The United Nations recognizes June 15 as World Elder Abuse Awareness Day. Elder abuse is a serious problem affecting the health and human rights of our growing elder population. Forms of abuse are financial exploitation, caregiver neglect, self-neglect, sexual abuse, emotional and/or mental abuse and physical abuse.
Nationally, the federal government has attempted to track maltreatment of seniors to understand the scope of the problem. In a November 27, 2018 interview with New England Center for Investigative Reporting, Alice Page, developer of the Wisconsin Department of Health Services stated, “The elder abuse data is not complete. It’s correct in terms of what is reported, but there are so many cases that aren’t reported. We’re way behind in elder abuse reporting than, for example, in child abuse reporting. It’s just a different system. There’s much more emphasis and resources that have been put into child protective services than there have been into elder abuse or abuse of adults.”
In Minnesota, county social services agencies like Minnesota Prairie County Alliance are one of the lead investigative agencies. In 2016, a total of 25,617 reports were made to the Minnesota Adult Abuse Reporting Center (MAARC) where counties were the lead investigative agency. Within these reports, there was a total of 38,258 allegations. One year later, 28,120 total reports were made with 43,001 allegations. On average, 29% of all reports were accepted for investigation in 2016 and 2017. (Source: MN DHS Data Warehouse, 2017.)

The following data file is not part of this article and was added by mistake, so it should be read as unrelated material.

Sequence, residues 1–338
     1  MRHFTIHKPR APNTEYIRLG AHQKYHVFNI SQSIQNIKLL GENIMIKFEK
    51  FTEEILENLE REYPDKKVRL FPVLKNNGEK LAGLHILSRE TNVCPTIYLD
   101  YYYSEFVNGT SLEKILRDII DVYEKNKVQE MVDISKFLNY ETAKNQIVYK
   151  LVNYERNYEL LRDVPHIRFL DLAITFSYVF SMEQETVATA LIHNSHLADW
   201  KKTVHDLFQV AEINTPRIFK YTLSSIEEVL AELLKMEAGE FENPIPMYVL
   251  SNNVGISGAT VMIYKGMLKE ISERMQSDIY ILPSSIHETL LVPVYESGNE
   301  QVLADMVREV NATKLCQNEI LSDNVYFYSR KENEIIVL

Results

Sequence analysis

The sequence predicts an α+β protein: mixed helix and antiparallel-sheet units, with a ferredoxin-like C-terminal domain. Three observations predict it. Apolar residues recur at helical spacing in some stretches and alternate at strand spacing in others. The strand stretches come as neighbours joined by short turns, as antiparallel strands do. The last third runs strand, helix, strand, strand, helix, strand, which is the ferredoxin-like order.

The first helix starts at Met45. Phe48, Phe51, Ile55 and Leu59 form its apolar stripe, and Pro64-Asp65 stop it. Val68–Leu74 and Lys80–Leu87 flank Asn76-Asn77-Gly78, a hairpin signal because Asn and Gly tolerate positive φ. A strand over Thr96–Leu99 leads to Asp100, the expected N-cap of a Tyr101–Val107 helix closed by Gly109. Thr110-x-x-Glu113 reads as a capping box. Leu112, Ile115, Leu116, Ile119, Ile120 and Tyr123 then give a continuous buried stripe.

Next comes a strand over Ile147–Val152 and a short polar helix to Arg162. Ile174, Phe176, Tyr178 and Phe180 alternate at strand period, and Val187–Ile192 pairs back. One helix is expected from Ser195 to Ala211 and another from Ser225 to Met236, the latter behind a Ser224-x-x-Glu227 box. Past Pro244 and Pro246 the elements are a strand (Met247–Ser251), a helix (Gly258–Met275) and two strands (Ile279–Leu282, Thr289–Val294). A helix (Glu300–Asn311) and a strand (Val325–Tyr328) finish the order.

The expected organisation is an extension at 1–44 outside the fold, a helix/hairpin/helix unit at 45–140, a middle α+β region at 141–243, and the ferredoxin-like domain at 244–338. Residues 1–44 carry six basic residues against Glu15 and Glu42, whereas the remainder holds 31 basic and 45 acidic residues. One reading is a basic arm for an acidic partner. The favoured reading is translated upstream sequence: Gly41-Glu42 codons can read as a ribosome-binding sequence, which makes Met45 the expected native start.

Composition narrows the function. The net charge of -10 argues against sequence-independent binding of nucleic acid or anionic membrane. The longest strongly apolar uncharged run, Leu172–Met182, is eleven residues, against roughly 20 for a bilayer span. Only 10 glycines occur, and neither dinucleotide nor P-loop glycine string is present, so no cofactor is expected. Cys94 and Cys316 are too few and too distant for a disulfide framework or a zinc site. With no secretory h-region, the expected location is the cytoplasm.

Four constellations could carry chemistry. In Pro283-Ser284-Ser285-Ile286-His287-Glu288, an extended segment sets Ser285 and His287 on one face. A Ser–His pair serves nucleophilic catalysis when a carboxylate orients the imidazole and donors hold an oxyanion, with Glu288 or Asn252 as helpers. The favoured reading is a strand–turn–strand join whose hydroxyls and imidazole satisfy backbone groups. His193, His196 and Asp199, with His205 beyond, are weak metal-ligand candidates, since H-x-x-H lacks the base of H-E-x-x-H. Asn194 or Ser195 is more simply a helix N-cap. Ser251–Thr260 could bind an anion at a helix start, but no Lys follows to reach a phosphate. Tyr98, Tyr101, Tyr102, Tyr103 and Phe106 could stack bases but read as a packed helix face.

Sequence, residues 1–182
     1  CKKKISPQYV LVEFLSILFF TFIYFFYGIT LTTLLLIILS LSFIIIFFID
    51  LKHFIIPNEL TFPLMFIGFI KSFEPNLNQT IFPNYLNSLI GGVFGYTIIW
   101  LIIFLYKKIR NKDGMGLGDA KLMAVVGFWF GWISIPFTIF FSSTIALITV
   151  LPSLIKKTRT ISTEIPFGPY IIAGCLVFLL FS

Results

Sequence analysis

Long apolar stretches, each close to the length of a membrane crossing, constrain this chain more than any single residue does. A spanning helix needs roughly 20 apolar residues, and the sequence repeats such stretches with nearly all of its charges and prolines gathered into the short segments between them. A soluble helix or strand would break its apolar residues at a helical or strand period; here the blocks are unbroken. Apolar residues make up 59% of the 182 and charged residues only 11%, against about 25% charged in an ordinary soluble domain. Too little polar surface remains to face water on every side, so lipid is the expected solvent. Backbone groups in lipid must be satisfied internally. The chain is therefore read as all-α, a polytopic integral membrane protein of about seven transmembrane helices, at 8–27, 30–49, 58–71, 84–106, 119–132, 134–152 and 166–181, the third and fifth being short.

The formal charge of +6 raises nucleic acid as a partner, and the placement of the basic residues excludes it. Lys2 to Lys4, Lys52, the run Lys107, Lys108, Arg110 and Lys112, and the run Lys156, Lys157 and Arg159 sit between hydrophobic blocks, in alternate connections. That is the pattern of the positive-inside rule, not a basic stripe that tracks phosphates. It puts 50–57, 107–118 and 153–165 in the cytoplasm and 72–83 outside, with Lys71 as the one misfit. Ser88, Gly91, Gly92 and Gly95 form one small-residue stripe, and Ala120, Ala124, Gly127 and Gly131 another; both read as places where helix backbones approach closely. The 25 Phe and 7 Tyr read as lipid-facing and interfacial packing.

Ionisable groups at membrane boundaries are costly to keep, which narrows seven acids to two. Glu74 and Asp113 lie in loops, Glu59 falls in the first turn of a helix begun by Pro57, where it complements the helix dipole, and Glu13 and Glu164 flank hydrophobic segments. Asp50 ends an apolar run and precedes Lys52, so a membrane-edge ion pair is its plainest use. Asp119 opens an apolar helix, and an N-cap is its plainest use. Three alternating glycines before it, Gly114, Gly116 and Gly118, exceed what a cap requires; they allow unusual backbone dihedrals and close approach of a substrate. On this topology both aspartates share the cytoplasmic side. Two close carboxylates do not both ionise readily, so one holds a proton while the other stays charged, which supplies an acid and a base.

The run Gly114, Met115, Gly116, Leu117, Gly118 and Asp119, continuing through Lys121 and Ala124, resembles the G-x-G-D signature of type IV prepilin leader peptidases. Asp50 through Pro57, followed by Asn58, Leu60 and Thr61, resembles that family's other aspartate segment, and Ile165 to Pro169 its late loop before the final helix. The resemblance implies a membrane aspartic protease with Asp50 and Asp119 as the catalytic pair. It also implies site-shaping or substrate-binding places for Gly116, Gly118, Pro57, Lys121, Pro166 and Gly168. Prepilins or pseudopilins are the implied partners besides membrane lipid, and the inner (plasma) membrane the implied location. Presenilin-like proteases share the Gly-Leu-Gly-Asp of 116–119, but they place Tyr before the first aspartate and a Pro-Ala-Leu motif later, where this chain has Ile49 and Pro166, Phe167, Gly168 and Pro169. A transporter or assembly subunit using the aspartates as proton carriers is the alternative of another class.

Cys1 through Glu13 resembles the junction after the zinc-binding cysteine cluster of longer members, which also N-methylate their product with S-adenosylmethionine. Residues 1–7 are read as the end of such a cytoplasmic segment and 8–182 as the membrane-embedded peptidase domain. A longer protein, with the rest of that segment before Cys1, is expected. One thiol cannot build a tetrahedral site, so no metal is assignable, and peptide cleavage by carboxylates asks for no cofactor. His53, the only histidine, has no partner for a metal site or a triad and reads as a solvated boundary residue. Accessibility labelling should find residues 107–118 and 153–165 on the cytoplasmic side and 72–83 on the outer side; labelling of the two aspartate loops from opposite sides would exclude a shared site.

Here are a few headlines across Minnesota highlighting recent reports to all lead investigative agencies:
- "Minnesota dementia sufferer died after beating by care home staff, investigation finds"
- "Duluth nursing home cited for neglect after four nurses fail to perform CPR"
- "Gaylord, MN mayor denies charges that he financially exploited a vulnerable adult"
- "Man accused of stealing over $700,000 from mother"
- "Two brothers, both residents of Waseca, were charged May 1 with taking money from a vulnerable family member"
- "North Mankato man sentenced to stealing $338,000 from elderly relative"
- "Caregiver charged with neglect after disabled man dies"
What can be done to help? Two key approaches include education of professionals who encounter older people through their work, along with community involvement with elders. Lack of knowledge about state laws, challenges in identifying the subtle signs of elder abuse, concern about angering an abuser or about ruining the relationship with the older person along with the potential for court appearances, lack of cooperation from some elders and their families, other demands on time, and --specifically for physicians-- a lack of reimbursement, can all be barriers to reporting abuse. You can participate on a local level through community meetings such as multidisciplinary teams, attending trainings, and talking to your local adult protection staff to learn more about what you can do.
Many of our elderly neighbors are vulnerable to abuse and may be unable to defend themselves or seek help due to fear or infirmity. We can all do our part by reporting adult protection. This can be done by calling MAARC (Minnesota Adult Abuse Reporting Center) at 1-844-880-1574 or at mn.gov/dhs/reportadultabuse